Another complication has been my status as an immigrant.  In theory, as a baptized, confirmed, practicing Catholic I am welcome in any church, anytime, anywhere.  In reality, I have learned to be very careful since some parishes (not the Church itself but the parishioners) seem to have an rather unhealthy connection with some of the more xenophobic anti-immigrant elements of French society.  If I so much as catch a whiff of the Front National, I back off immediately. In all fairness I cannot know how such people would react to me (in all likelihood they would consider me "not so foreign" and I would be very welcome) but I still find it painful to be around such people and the rhetoric hurts even when they carefully explain that they are not talking about me.  In fact, their words only make it worse because if I gratefully accept belonging on those terms then I am complicit in their hatred and ostracism of the Other.

With that in mind, and after much trial and error, I have found a few churches where I am comfortable and attend Mass on a regular basis.  The French churches that I attend (or have attended in the past) are Sainte Odile (the church where I was married and my children baptized) and Saint Ignace (the Jesuit church rue de sevres).  But the church where I feel the most comfortable and the most welcome is Saint Joseph's (the "mission anglophone") on Avenue Hoche near Etoile.  It is not so much that the Mass in in English (though it is nice to be able to sing hymns from my childhood) but the sheer diversity of the population.  In this context "English-speaking Catholic Church" means serving all the people in Paris who speak English as a first or second (or even third) language which means Chinese, Indians, Americans, Australians, Irish, Canadians, Sri Lankans, Africans and many other nationalities.  United by faith, national origin is irrelevant here.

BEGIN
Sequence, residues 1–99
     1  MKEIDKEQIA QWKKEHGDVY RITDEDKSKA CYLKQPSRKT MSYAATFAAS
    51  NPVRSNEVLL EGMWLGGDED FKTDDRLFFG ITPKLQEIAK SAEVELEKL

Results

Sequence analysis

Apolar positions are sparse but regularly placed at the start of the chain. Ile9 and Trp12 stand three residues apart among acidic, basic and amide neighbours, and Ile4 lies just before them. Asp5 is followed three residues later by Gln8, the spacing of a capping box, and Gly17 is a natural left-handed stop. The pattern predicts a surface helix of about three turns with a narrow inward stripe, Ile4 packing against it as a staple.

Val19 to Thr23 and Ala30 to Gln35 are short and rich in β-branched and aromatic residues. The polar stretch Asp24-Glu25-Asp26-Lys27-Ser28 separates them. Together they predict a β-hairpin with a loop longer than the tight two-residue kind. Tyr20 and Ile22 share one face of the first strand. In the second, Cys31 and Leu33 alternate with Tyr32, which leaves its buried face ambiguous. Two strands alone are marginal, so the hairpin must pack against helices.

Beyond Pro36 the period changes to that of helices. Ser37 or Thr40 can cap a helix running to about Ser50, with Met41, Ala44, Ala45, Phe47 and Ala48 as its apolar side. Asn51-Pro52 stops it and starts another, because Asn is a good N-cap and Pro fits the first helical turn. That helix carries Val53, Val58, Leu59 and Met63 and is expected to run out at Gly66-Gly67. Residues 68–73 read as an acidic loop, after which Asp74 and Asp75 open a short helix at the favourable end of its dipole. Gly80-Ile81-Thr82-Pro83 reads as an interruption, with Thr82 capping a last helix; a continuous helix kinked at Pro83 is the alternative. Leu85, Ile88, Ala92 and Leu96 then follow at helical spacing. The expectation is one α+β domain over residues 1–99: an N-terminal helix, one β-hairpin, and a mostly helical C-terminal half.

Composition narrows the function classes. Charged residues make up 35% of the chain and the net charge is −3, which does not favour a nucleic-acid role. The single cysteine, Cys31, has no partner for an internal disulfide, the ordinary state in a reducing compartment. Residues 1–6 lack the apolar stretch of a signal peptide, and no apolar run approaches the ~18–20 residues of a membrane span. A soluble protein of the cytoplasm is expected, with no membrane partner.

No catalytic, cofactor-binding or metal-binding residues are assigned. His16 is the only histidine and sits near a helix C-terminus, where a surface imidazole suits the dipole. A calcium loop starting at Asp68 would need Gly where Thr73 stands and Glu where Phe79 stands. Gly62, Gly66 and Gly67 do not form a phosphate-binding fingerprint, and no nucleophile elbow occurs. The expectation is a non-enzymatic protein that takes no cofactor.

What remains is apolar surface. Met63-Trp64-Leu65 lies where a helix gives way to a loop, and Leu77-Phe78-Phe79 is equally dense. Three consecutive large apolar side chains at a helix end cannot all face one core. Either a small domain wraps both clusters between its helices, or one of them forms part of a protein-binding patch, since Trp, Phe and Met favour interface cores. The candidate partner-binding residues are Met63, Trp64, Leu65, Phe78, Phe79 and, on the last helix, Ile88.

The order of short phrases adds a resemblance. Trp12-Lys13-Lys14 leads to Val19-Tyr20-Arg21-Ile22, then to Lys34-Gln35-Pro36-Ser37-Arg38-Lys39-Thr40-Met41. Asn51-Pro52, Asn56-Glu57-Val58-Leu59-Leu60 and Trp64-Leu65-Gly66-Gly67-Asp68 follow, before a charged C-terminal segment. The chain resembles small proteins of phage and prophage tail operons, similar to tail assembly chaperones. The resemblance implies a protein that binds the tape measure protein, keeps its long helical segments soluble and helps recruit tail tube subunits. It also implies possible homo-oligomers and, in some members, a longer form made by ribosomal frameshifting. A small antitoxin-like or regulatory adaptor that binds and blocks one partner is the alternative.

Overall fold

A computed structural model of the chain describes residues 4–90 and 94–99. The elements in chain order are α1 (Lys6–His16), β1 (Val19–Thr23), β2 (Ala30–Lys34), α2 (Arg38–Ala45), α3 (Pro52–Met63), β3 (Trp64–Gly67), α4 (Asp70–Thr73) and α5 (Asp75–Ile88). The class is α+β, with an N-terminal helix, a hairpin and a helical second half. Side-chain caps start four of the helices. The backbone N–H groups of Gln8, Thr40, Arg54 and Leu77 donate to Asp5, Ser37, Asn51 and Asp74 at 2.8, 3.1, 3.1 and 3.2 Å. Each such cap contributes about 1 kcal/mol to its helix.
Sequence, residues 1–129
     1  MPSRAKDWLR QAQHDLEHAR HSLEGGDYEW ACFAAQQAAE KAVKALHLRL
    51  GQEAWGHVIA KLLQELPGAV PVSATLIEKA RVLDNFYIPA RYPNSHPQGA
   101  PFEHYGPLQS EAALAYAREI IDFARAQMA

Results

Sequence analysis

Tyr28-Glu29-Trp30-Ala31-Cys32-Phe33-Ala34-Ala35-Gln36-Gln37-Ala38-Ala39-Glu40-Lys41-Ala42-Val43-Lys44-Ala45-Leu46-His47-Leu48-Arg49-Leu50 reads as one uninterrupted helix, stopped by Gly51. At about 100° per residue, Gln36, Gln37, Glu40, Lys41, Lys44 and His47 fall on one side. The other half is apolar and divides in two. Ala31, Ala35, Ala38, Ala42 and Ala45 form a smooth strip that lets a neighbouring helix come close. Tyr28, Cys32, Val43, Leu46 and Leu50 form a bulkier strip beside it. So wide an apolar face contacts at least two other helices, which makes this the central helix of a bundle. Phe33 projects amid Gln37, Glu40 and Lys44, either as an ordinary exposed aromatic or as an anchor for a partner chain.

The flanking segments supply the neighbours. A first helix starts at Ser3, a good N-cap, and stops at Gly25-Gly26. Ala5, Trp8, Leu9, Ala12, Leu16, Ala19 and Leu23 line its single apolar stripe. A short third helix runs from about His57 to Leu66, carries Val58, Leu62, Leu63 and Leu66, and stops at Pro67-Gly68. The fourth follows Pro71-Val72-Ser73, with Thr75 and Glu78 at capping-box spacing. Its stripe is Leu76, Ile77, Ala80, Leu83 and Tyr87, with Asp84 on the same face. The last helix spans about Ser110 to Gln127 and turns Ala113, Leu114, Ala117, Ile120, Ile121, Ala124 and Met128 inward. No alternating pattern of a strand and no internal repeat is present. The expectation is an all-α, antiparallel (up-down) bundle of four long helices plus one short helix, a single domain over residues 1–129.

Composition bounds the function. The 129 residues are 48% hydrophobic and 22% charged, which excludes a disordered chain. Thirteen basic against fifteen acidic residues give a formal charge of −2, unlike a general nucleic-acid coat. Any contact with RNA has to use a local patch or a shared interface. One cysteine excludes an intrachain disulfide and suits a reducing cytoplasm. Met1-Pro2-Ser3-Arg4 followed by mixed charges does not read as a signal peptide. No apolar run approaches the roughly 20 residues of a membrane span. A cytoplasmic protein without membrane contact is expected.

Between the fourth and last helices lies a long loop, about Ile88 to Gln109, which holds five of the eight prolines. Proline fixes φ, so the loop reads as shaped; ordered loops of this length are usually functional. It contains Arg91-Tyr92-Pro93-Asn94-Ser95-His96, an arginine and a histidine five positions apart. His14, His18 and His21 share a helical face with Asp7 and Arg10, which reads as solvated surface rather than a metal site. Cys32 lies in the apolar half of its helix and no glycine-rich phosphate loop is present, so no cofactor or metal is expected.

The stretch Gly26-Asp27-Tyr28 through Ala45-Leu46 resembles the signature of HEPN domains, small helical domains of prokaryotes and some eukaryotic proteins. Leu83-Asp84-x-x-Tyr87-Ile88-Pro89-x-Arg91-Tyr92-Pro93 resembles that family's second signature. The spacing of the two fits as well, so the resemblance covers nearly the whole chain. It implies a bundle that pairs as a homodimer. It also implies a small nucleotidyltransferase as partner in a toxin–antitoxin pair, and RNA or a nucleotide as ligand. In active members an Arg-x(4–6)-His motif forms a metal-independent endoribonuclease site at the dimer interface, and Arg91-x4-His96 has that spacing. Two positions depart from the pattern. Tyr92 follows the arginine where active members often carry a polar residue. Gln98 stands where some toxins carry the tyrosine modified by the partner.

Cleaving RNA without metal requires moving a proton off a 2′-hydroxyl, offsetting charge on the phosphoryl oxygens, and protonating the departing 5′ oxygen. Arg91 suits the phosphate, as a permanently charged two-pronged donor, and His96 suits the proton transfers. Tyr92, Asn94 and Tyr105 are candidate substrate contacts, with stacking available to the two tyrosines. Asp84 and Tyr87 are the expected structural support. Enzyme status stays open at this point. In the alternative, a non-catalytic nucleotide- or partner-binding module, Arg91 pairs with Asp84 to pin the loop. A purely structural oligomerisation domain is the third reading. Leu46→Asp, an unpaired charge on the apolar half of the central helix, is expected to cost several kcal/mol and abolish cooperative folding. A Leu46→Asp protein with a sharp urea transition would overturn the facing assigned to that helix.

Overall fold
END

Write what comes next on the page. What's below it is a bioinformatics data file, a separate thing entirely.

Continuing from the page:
Something that, in my view, ought to be the case everywhere.




12 comments:

Anonymous said...

My story is somewhat different growing up in majority RC state, but with a twist. We were the children of French-Canadian parents. There were French Canadian parishes and we had our own Central Catholic High School.
We identified ourselves as Franco-Americans. The masses were in Latin, in French after the reforms.
The community has been totally assimilated. The monument to our existence Notre-Dame-des-Canadiens church has been sold to developers.
I converted to Judaism many years ago. It is comforting to step into any synagogue and pray along with the congregation the Hebrew prayers that famaliar to me in Montréal

Victoria FERAUGE said...

Thank you for your comment and your story. It sounds like you are from one of the northern U.S. states that once had large French-Canadian communities. My great-grandmother was born into such a community in Wisconsin around 1900. From what I have heard from distant relatives over the years, the assimilation you described happened in many places with the language being the first to go.